I started reading up on caches. This is my general introduction if you ever need to design one (or understand better how it works from within).
Basic design questions
- What is the lookup key? Do we need easy/fast reads or writes/clean-up?
- What is the expiration policy?
- What is the replacement policy (aka eviction or flush)? Note this is different from the expiration policy.
Some pointers while answering the questions
- What are the usage patterns? If we read often, consider using time expirations. If we write often, consider content expirations.
- What are the data patterns? If individual items can be big, consider giving them a "lower priority" (implemented as a lower counter) to flush them first.
- Does the data to be cached have temporal/spatial or other locality e.g. do we need to cache per user or per query (across all users)? Think of Y-axis (services/features) or Z-axis (clients/customers) splits according to Scalability Rules. This can affect the key used as well as the location of the cache.
- Total size of data: can it fit in memory? Of a single machine or distributed? Start from a single machine and then think how to distribute.
There are 2 operations to consider: READ/WRITE each with 2 outcomes: hit/miss. Maybe obvious but: if it's a WRITE miss it would also have been a READ miss for the same item.
|READ||is it fresh/valid? return data||write data to cache and return|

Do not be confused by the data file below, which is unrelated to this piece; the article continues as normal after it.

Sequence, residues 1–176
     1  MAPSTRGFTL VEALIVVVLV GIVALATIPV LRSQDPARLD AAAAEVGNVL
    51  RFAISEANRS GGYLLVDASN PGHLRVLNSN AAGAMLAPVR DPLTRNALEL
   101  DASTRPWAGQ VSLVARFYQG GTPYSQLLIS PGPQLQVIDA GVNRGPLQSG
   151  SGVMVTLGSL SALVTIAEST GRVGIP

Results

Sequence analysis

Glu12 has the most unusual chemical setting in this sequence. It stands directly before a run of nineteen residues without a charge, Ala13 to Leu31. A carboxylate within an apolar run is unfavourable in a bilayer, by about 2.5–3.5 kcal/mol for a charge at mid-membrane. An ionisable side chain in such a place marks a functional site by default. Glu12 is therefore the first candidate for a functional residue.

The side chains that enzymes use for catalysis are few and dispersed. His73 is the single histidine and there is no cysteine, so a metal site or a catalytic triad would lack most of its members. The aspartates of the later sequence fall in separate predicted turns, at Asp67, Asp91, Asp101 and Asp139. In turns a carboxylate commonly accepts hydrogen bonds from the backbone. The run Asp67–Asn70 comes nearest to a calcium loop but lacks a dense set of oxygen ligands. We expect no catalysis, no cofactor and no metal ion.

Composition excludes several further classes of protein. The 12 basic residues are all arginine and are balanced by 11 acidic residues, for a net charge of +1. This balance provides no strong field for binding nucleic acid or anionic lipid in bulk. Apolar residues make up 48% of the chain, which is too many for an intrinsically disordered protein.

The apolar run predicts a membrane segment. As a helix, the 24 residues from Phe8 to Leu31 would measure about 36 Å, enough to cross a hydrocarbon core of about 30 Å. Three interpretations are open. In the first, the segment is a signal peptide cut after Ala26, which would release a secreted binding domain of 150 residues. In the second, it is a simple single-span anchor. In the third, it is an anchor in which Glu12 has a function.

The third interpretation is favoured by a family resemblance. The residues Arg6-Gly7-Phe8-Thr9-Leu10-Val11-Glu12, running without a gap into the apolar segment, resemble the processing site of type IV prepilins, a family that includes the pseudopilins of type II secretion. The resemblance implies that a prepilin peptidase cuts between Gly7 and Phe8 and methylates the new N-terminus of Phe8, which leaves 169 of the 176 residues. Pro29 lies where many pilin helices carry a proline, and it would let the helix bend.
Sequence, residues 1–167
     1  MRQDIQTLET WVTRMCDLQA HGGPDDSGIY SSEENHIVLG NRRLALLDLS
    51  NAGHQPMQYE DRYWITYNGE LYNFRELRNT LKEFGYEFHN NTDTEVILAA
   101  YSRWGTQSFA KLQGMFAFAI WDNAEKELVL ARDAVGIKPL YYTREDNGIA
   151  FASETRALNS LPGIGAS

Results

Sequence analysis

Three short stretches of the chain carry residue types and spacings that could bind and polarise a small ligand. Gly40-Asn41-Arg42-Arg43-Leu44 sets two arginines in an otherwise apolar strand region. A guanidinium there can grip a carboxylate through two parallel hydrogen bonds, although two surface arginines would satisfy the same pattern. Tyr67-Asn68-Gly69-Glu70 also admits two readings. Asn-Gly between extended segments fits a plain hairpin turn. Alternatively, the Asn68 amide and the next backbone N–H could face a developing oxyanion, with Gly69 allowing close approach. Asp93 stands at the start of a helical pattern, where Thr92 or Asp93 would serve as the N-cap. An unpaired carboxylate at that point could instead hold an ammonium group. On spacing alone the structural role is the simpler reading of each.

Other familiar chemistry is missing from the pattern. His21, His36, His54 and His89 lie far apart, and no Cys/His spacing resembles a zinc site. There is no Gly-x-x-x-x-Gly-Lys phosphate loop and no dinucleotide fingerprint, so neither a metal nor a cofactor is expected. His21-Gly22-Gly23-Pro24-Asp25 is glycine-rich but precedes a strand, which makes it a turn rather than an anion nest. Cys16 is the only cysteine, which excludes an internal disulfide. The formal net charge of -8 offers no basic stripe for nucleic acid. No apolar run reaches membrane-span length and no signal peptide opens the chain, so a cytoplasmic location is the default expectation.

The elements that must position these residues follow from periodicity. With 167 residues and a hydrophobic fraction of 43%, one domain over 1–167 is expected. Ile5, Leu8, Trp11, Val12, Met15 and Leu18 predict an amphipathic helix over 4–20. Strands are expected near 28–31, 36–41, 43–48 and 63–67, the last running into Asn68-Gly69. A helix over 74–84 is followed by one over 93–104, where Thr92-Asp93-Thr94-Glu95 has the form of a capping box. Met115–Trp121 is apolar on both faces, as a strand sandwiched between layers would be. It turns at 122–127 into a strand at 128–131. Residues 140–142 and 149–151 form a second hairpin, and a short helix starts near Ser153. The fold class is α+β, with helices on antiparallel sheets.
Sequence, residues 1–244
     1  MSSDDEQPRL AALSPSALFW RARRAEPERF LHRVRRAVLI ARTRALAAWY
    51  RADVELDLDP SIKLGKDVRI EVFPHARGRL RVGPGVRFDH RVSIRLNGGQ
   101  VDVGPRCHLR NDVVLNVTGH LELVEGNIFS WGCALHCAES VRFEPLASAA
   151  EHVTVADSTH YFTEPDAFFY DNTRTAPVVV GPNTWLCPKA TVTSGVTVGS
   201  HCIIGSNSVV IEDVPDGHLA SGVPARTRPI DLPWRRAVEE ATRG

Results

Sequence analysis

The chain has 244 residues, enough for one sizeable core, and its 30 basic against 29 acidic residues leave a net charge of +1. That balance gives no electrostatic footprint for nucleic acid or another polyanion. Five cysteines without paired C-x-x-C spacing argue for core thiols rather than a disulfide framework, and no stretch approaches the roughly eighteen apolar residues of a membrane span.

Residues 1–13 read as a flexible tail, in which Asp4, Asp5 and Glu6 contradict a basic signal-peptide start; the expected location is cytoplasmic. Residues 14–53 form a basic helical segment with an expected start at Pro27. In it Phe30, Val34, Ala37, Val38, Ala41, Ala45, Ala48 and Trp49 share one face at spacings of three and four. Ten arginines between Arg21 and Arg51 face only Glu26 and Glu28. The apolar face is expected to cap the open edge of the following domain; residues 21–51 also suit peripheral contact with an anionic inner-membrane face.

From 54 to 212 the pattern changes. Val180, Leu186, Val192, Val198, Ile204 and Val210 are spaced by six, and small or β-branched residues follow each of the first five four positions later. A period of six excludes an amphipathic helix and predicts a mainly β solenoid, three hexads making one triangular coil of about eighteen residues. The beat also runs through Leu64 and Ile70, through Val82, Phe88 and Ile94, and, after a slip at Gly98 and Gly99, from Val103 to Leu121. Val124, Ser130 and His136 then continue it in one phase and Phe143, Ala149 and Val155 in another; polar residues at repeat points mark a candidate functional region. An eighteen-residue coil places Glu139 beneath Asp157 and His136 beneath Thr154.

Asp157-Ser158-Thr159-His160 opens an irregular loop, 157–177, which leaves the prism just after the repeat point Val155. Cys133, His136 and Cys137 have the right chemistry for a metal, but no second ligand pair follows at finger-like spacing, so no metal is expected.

|WRITE||write-through or write-back||write-allocate or no-write allocate|
- READ misses: always writes data to cache
- WRITE hits policies can be write-through or write-back: WRITE hits will update the cache anyway but might get delayed on the persistent storage. Subsequent READs will also be cache hits (provided data is still fresh) will therefore serve valid data.
- An issue here would be if the delay to write on persistent storage is more that the expiration policy.
- WRITE misses can be write-allocate (fetch on write) or no-write (write around): WRITE misses will go to the persistent storage anyway. The question is if they are gonna get fetched to the cache or not. So subsequent READS might be a cache-hit (in the case of write-allocate, valid data because it was fetched as well) or a cache-miss (in the case of write-around, will go to the persistent storage that has the valid data).
See Wikipedia on caches.
- Expiration policy: "Old/stale/invalid data" concern only READ hits: can happen on caches that cache remote objects (eg. HTTP cache in browsers or CDNs). Expiration policies are used to check this: time (absolute or sliding window) or "cache dependency" (based on the content). For example see Redis expiration
- Cache replacement/eviction policies answer what happens when the cache becomes full? If we have write-back, we first need to write stuff to storage. Then we need to start flushing data. How do we choose?
+ FIFO, LIFO, LRU (least recently used), TLRU (time aware = LRU with time expiration), MRU, least frequently used (counter of usages) etc. Used can mean read or write?
+ There is a correlation between the expiration and eviction policy, for example the expired items can be evicted first.
+ For example see Redis replacement policies and a problem with memory fragmentation
- Regarding Policy suggestions
- Some pointers regarding distributed or not in Cracking the coding interview, Chapter 10